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Pregnancy in women with uterine leiomyomas (fibroids)

Authors
David W Ouyang, MD
Errol R Norwitz, MD, PhD, MBA
Section Editor
Charles J Lockwood, MD, MHCM
Deputy Editor
Vanessa A Barss, MD, FACOG

INTRODUCTION

Uterine fibroids (leiomyomas) are benign smooth muscle tumors of the uterus. The potential effects of fibroids on pregnancy and the potential effects of pregnancy on fibroids are a frequent clinical concern since these tumors are common in women of reproductive age. Most pregnant women with fibroids do not have any complications during pregnancy related to the fibroids. Pain is the most common problem, and there may be a slightly increased risk of obstetrical complications such as miscarriage, premature labor and delivery, abnormal fetal position, and placental abruption.

This topic will review issues specifically relating to pregnant women with uterine fibroids. Fibroids in nonpregnant women, including fertility issues, are discussed separately. (See "Epidemiology, clinical manifestations, diagnosis, and natural history of uterine leiomyomas (fibroids)" and "Reproductive issues in women with uterine leiomyomas (fibroids)".)

LIMITATIONS OF AVAILABLE INFORMATION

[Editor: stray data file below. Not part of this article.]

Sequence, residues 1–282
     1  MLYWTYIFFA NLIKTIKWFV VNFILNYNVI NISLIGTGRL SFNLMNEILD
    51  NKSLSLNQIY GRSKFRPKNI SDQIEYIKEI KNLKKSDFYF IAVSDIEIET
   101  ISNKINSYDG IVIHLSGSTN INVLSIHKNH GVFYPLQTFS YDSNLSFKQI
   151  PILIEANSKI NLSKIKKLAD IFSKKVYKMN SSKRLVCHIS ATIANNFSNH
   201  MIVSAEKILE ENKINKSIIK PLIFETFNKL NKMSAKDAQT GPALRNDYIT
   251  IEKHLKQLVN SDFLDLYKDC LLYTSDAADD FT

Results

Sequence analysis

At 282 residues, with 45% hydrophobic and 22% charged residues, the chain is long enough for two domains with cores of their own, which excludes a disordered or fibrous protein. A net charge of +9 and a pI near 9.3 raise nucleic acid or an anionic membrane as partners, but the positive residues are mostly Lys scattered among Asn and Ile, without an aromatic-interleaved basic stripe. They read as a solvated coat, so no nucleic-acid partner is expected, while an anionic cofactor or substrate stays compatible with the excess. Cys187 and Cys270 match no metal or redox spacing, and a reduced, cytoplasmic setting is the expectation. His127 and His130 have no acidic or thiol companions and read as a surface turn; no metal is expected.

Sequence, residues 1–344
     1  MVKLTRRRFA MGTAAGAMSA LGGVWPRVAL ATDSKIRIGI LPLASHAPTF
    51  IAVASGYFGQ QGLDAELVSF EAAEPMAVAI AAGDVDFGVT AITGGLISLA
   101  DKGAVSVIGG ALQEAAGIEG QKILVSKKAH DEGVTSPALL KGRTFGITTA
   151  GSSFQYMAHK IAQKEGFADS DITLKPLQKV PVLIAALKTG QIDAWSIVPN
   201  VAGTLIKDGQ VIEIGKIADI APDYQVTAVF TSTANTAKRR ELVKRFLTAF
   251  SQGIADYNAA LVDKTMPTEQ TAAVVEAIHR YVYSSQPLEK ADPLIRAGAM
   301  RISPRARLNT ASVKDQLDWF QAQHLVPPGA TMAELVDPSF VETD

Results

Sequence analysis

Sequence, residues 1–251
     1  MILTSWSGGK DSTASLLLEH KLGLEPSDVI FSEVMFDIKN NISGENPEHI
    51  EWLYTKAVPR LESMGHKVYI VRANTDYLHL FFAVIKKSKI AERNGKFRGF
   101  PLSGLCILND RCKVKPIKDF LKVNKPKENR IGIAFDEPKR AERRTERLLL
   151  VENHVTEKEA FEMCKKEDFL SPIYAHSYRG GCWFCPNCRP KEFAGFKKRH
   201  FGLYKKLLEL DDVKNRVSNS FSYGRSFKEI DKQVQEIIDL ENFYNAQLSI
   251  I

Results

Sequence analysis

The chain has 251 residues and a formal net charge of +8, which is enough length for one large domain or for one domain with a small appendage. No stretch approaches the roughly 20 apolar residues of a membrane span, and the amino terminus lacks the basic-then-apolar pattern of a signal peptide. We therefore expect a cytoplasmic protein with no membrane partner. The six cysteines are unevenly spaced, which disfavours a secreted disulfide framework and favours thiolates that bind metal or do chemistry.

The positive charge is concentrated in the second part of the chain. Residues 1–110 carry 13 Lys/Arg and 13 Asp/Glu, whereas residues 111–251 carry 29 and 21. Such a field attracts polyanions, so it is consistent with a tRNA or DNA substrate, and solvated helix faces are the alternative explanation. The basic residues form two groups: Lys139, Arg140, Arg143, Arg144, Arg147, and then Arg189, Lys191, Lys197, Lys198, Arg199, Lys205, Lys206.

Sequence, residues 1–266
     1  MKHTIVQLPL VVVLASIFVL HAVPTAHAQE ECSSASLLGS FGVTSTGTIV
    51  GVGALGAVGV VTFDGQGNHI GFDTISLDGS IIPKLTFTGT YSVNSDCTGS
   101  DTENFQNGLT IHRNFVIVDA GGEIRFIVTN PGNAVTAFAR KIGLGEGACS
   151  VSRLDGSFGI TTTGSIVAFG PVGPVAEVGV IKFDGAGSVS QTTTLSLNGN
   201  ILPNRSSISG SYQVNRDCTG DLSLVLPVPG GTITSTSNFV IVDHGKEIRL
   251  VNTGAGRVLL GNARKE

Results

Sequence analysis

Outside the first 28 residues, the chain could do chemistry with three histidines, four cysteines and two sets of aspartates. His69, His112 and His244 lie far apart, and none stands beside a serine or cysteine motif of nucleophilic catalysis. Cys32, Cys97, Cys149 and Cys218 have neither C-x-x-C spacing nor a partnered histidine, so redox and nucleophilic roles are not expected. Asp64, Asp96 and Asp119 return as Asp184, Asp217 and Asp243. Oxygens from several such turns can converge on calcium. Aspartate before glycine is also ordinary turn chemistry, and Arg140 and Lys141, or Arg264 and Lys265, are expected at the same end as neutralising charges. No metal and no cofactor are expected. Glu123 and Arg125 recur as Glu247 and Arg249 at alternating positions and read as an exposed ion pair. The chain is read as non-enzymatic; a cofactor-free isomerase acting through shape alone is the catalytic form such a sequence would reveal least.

Several factors make it difficult to assess the impact of fibroids on pregnancy outcome and identify specific fibroid characteristics that are important. For example, the mechanisms whereby fibroids may cause adverse obstetric outcomes are not clearly understood. In addition, available evidence is difficult to interpret due to the heterogeneity of the study populations in these reports, which differ in fibroid number, size, location (lower uterus, fundus), and type (submucosal, intramural, or subserosal; pedunculated or sessile); gestational age at diagnosis; and method of ascertainment (eg, prospective versus retrospective study design). Lastly, small fibroids (<4 to 5 cm) may not be detected consistently because they can be difficult to distinguish from physiologically thickened myometrium.

PREVALENCE

The prevalence of uterine fibroids in pregnancy varies between 1.6 and 10.7 percent, depending upon the trimester of assessment and the size threshold [1-5]. In one study, 4 percent of 12,708 pregnant patients had fibroids with a diameter >3 cm [2]. In another, 1.6 percent of 12,600 consecutive pregnant patients had fibroids >1 cm [3]. A third series in over 15,000 women with nonanomalous singleton pregnancies undergoing routine second trimester ultrasonography reported that 2.7 percent had fibroids ≥1 cm [1]. A fourth series of 4271 first trimester or post-miscarriage ultrasound examinations observed 10.7 percent of women had a fibroid of ≥0.5 cm [4]. (See "Epidemiology, clinical manifestations, diagnosis, and natural history of uterine leiomyomas (fibroids)", section on 'Prevalence'.)

The prevalence of fibroids increases with age and is higher in African-American women than in white or Hispanic women [4]. Increasing parity and prolonged duration of breastfeeding are associated with a small, but statistically significant, reduction in prevalence [6].

                             

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Literature review current through: Nov 2016. | This topic last updated: Mon Jul 11 00:00:00 GMT 2016.
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